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Recognise That God Sees In Secret And Rewards Openly

by Lawson Mayo

"Take heed that ye do not your alms before men, to be seen of them:
otherwise ye have no reward of your Father which is in heaven.
Therefore when thou doest thine alms, do not sound a trumpet before thee,
as the hypocrites do in the synagogues and in the streets, that they may have glory of men.
Verily I say unto you, they have their reward.
But when thou doest alms, let not thy left hand know what thy right hand doeth:
That thine alms may be in secret: and thy Father which seeth in secret Himself shall reward thee openly.
And when thou prayest, thou shalt not be as the hypocrites are:
for they love to pray standing in the synagogues and in the corners of the streets,
that they may be seen of men. Verily I say unto you, They have their reward.
But thou, when thou prayest, enter into thy closet, and when thou hast shut thy door,
pray to thy Father which is in secret; and thy Father which seeth in secret shall reward thee openly.
But when ye pray, use not vain repetitions, as the heathen do: for they think that they shall be heard for their much speaking.
Be not therefore like unto them: for your Father knoweth what things ye have need of,
before ye ask Him. After this manner therefore pray ye:

Our Father which art in heaven, Hallowed be thy name.
Thy kingdom come, Thy will be done in earth, as it is in heaven.
Give us this day our daily bread.
And forgive us our debts, as we forgive our debtors.
And lead us not into temptation, but deliver us from evil:
For thine is the kingdom, and the power, and the glory, for ever. Amen.
For if ye forgive men their trespasses, your heavenly Father will also forgive you.
But if ye forgive not men their trespasses, neither will your Father forgive your trespasses.
Moreover, when ye fast, be not, as the hypocrites, of a sad countenance:
for they disfigure their faces, that they may appear unto men to fast.
Verily I say unto you, they have their reward.
But thou, when thou fastest, anoint thine head, and wash thy face;
That thou appear not unto men to fast, but unto thy Father which is in secret:
and thy Father, which seeth in secret, shall reward thee openly."

Matthew 6: 1-18

Matthew 6: 1-18 carries a warning of danger that comes from seeking the approval of men for the good that we do. To offer alms for the sake of praise, to pray for the sake of being heard, or to fast for the sake of being seen robs God of the honour and glory that is rightly His. When we rob God of the praise that is rightly His, we rob ourselves of a spiritual reward. There is no place for the "sounding of trumpets" in our lives; no value in "standing" to pray where many ears can hear; no benefit in fasting if the fasting is done to be seen of men. Appealing to the favourable notice of others while professing to be holy does not attract the attention of God.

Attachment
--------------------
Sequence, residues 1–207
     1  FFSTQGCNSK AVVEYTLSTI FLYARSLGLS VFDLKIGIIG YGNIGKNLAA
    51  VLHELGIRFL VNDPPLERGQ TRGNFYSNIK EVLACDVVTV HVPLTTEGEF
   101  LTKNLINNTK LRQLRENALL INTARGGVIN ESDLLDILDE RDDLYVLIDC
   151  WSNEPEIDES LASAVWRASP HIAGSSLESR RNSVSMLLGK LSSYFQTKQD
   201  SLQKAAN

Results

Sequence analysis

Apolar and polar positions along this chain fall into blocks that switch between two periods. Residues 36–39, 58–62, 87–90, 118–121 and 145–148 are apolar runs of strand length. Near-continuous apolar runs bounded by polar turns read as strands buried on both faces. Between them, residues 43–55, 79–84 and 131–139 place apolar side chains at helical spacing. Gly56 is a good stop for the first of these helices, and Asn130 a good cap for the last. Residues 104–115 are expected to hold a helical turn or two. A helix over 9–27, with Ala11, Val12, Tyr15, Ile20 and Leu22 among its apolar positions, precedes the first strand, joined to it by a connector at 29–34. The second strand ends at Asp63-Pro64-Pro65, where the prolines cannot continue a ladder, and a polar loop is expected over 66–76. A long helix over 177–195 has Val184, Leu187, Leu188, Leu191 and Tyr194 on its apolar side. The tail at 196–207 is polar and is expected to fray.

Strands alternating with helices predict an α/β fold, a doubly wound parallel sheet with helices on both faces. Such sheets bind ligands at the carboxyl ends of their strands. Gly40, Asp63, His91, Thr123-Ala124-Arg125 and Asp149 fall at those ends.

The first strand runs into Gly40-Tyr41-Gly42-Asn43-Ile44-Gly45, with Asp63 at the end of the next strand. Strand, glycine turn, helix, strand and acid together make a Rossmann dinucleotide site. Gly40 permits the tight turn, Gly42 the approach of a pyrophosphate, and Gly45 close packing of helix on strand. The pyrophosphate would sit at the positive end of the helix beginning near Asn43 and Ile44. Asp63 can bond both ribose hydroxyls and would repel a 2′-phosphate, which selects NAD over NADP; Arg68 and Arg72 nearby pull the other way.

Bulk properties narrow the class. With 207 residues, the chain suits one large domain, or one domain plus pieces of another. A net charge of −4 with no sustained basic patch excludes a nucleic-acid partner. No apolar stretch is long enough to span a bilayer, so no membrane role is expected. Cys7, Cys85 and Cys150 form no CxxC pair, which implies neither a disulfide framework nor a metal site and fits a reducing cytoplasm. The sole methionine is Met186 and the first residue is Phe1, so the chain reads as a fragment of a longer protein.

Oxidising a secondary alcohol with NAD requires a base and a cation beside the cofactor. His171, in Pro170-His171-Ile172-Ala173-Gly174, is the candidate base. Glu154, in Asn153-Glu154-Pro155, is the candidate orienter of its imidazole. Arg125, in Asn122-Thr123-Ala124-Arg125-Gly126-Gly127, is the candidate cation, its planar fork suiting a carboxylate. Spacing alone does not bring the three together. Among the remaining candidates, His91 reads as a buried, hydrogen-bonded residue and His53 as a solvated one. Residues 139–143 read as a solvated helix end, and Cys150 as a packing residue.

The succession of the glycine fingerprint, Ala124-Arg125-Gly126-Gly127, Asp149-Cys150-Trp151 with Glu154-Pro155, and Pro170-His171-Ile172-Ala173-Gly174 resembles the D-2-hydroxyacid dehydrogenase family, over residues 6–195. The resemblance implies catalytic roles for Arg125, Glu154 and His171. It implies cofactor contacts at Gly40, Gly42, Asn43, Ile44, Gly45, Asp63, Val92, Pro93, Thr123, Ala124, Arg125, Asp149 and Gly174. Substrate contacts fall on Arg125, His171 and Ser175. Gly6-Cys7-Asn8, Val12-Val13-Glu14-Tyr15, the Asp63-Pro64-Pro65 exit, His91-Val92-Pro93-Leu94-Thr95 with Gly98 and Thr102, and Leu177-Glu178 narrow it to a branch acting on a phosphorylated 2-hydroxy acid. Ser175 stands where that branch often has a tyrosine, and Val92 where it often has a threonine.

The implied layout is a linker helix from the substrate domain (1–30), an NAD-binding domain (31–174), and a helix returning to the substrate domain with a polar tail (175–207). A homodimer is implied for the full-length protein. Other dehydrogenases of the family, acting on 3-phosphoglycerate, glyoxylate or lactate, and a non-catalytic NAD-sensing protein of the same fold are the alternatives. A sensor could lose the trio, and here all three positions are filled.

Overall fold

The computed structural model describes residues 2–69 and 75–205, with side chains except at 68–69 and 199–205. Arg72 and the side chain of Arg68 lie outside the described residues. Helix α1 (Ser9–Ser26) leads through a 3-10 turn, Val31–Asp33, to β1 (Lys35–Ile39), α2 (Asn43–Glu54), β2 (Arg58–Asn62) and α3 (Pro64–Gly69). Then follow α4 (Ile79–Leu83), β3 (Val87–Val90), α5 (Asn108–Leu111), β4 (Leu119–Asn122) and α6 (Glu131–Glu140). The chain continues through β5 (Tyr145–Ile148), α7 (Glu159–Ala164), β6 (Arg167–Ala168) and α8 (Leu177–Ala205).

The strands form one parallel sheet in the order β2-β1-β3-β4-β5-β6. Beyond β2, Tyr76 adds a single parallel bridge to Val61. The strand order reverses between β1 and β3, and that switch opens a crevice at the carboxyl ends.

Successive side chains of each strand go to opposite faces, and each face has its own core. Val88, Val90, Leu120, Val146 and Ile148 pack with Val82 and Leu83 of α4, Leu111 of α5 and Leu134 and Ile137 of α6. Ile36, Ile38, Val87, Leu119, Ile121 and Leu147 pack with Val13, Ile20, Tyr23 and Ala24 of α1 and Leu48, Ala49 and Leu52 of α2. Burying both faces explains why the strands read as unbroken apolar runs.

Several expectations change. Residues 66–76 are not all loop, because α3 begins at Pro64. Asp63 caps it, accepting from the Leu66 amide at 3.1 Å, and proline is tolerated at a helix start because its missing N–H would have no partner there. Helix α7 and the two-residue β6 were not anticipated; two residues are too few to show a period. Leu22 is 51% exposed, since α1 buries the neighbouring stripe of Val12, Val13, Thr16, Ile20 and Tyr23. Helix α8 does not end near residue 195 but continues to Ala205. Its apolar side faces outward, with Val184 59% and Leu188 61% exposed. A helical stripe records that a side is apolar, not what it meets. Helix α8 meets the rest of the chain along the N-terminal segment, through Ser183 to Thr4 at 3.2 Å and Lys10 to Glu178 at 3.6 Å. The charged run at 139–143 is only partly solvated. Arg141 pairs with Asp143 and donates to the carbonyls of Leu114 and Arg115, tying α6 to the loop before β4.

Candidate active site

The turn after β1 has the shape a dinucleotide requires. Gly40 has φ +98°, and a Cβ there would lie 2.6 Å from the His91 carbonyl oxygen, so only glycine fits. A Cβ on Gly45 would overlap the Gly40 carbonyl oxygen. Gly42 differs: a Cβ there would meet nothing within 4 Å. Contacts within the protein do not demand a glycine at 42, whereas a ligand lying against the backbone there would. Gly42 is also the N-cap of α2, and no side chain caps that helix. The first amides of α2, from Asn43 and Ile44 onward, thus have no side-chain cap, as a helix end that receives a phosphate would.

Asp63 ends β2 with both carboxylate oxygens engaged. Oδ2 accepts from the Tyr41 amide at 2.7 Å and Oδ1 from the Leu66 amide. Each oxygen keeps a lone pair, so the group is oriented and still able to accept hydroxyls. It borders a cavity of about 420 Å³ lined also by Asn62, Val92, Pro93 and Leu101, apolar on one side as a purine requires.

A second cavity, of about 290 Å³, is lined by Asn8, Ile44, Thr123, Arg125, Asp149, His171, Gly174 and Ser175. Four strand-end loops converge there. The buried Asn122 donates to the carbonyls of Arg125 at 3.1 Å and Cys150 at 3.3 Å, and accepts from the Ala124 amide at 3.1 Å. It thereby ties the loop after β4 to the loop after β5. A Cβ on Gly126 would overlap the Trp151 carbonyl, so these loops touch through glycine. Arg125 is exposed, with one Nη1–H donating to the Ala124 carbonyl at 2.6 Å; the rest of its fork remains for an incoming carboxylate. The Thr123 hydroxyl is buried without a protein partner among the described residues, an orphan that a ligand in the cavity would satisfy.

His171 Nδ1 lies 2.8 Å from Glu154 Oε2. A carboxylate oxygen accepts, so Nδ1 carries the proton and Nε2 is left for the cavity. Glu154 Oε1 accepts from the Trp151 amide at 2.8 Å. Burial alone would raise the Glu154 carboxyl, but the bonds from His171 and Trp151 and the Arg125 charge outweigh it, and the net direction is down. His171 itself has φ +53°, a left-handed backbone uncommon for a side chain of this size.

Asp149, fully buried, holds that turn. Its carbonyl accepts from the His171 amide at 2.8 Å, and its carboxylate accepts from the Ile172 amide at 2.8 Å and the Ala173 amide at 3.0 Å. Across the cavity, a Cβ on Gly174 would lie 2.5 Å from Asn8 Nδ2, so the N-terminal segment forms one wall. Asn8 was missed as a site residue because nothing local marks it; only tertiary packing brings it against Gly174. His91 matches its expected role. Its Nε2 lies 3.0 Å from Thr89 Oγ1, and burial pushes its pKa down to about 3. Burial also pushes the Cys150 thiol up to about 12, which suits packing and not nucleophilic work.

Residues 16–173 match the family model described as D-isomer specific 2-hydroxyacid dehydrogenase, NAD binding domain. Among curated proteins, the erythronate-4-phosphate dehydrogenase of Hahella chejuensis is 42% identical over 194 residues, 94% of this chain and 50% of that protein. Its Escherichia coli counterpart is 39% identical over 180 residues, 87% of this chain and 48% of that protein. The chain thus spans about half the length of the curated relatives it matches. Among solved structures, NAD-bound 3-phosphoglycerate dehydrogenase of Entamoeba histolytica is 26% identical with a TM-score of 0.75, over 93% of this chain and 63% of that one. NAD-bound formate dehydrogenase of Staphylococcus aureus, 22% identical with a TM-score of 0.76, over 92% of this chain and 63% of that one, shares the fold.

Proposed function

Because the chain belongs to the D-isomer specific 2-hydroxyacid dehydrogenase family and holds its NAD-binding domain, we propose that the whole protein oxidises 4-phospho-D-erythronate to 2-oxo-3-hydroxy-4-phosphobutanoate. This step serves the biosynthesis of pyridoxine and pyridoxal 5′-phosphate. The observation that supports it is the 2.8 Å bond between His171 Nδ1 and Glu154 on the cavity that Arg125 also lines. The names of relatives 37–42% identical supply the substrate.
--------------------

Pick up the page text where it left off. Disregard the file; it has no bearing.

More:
The best way to avoid the danger of losing one's due reward is to covet the praise of the Lord. Be not influenced by the approbation of others. Do your alms in secret. Enter into a private place to pray. Fast without anyone's knowledge. When secrecy is not possible, such as a benevolent work of the church, public prayer, or group fasting, there should be a heavenly focus. Projecting our thoughts on the glory that will flow upward is a safeguard against coveting the praise of men.

Perhaps the revelation about God "seeing in secret" should be given an extra measure of consideration. If God sees in secret, He can see the motive behind the deeds that we do. If He sees the motive, He knows whether or not we covet the praise of men can so cleverly hide our deceptiveness in the matter of almsgiving that no-one knows we're coveting the praise of men, but we can't hide our deceptiveness from God.

Back in the Sixties, we knew a family that did many good things for others. They took many care-packages to those in need, and with each box of goods they placed a little note that read "for Christ". This sounds good, doesn't it -- but the story doesn't end there. They frequently boasted about all the good they did in the name of Christ. Why? To gain the praise of men. At the same time, we knew another couple who went about quietly doing what they could for others. Unless their deeds were accidentally discovered, they went unnoticed. Once, when I caught them in the act of helping someone, I praised them publicly. Let me tell you, they immediately placed my head on the chopping-block! My revealing their good works was an embarrassment to them. They cared not for the praise of men; they simply wanted to serve their God by privately meeting the needs of others. Which of these two families do you think will receive an open reward in eternity: the one that boasted of what they did in the name of Christ, or the one who boasted not at all? Without hesitation, I can tell you the one that made the greatest impact on my life.